- Home prices in secondary market slips again in January as the viral outbreak adds to gloom in city’s economy
- Slump in retail and hotel sectors has prompted Hong Kong government to unveil a record budget deficit to revive growth
Hong Kong's home prices extended a drop in January as the coronavirus outbreak added to the gloom in the economy already reeling from the effects of social unrest in 2019. As the epidemic spreads, the market should brace of a steeper decline in February, according to Ricacorp Properties.
An index of secondary market home prices fell 0.2 per cent to a three-month low of 378.2 in January, according to data released by the Rating and Valuation Department on Friday, following a 1.6 per cent loss in December. A brief rebound in November has failed to gain traction as the economy slipped into a technical recession for the first time in a decade.
"The home price index will see a significant drop in February, possibly up to 2 per cent, as we see home seekers getting cold feet in the market recently," said Derek Chan, head of research at Ricacorp. "On average, homeowners have slashed 8 per cent off their asking prices, but those who are more eager to sell are offering more than 10 per cent discount to woo buyers."
Hong Kong poised for property crisis as borrowers slide into negative equity
A 2 per cent drop would be the biggest monthly decline since December 2018, according to data from the department.
Property sales have come to almost a standstill since mid January as agents and potential buyers alike refrained from gathering in crowded places for fear of catching the virus, prompting some of the city's biggest real estate agencies to seek rent relief from their landlords.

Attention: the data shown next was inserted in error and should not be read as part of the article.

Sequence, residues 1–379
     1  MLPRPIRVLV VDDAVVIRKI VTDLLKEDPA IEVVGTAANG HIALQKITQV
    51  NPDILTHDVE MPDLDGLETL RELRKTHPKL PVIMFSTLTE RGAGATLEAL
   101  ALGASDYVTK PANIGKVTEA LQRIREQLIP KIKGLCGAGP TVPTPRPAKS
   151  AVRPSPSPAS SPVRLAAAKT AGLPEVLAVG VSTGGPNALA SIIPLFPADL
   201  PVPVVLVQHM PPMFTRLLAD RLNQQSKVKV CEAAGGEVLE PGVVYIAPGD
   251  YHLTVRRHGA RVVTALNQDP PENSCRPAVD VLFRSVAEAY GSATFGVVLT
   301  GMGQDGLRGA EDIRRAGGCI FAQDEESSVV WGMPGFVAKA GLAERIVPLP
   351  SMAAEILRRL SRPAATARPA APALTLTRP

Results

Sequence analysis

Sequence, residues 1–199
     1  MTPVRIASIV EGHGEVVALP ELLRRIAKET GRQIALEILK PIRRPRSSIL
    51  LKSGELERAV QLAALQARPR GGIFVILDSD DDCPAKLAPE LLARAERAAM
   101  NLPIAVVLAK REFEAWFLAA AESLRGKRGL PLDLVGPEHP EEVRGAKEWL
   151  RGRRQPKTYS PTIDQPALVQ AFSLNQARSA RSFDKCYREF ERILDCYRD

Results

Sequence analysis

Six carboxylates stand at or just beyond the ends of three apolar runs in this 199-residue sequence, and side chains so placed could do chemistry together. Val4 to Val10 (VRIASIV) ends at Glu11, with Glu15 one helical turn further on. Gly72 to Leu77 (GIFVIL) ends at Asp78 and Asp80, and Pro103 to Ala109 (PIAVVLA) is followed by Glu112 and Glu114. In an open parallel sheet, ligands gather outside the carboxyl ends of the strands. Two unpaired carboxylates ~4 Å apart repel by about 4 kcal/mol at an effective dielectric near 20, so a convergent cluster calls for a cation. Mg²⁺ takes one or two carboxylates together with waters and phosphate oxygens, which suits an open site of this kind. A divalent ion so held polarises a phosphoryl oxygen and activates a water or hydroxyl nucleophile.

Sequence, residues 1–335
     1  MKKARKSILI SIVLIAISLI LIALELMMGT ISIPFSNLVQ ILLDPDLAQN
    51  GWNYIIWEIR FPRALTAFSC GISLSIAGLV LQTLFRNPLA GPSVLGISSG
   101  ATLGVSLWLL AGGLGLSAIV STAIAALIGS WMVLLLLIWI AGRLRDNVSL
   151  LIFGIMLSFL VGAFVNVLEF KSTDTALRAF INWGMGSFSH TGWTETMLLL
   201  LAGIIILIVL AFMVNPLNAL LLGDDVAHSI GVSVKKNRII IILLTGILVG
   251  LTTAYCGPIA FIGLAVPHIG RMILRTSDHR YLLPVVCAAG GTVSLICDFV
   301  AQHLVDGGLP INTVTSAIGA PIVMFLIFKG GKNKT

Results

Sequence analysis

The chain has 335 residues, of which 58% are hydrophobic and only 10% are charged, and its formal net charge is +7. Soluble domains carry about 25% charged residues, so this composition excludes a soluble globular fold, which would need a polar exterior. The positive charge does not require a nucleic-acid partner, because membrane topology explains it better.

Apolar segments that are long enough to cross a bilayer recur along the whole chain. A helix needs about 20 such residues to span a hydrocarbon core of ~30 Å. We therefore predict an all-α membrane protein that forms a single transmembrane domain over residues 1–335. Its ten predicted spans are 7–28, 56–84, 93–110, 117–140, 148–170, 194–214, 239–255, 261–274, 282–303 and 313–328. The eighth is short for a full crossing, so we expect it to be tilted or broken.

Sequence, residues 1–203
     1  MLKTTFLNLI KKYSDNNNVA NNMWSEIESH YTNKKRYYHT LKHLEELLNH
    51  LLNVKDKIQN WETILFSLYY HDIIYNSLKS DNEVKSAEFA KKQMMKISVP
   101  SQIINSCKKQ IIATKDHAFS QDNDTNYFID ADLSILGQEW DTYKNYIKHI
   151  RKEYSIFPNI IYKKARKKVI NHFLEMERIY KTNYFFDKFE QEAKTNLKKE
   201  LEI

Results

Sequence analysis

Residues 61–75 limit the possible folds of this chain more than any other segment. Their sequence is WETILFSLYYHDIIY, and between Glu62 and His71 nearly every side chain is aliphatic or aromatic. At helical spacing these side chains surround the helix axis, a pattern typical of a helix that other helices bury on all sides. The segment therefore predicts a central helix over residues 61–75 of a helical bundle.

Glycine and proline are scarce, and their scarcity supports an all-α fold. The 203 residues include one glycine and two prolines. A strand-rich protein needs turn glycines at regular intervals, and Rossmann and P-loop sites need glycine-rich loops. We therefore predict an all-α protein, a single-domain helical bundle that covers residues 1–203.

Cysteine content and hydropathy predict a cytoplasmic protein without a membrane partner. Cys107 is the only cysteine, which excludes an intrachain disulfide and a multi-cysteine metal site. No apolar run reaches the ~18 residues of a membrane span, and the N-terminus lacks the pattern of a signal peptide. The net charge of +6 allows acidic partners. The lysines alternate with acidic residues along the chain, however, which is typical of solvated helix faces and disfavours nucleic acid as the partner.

As the Covid-19 disease strikes fear and panic buying of daily essentials, inquiries from potential home seekers have dropped 50 per cent since late January, according to Chan.
In all, the disease has claimed at least 2,850 lives and infected more than 83,000 worldwide, mostly in mainland China, with 93 confirmed cases in Hong Kong. This has developed into the biggest health scare in decades, surpassing the tally during the Sars (severe acute respiratory syndrome) outbreak in 2003.
Many of Hong Kong's struggling retailers living on borrowed time
The outbreak is also taking a toll on the city's economy, keeping tourists away as countries around the world issued travel alerts. A slump in the retail and hospitality sectors are stoking job losses as well, prompting the Hong Kong government to unveil a record HK$139 billion budget deficit earlier this week to revive the economy.
The weekly Centa Valuation Index compiled by one of the biggest real estate agencies in the city, has slumped to the lowest level since January 2019. The lower the reading, the more bearish banks become of prospects in the real estate industry, and the more they have to cut their home valuations.
As many as 128 mortgage loans valued at HK$764 million (US$98 million) were in negative equity as at the end of December, more than double the number of cases three months earlier, according to government data.
Copyright (c) 2020. South China Morning Post Publishers Ltd. All rights reserved.查看原始文章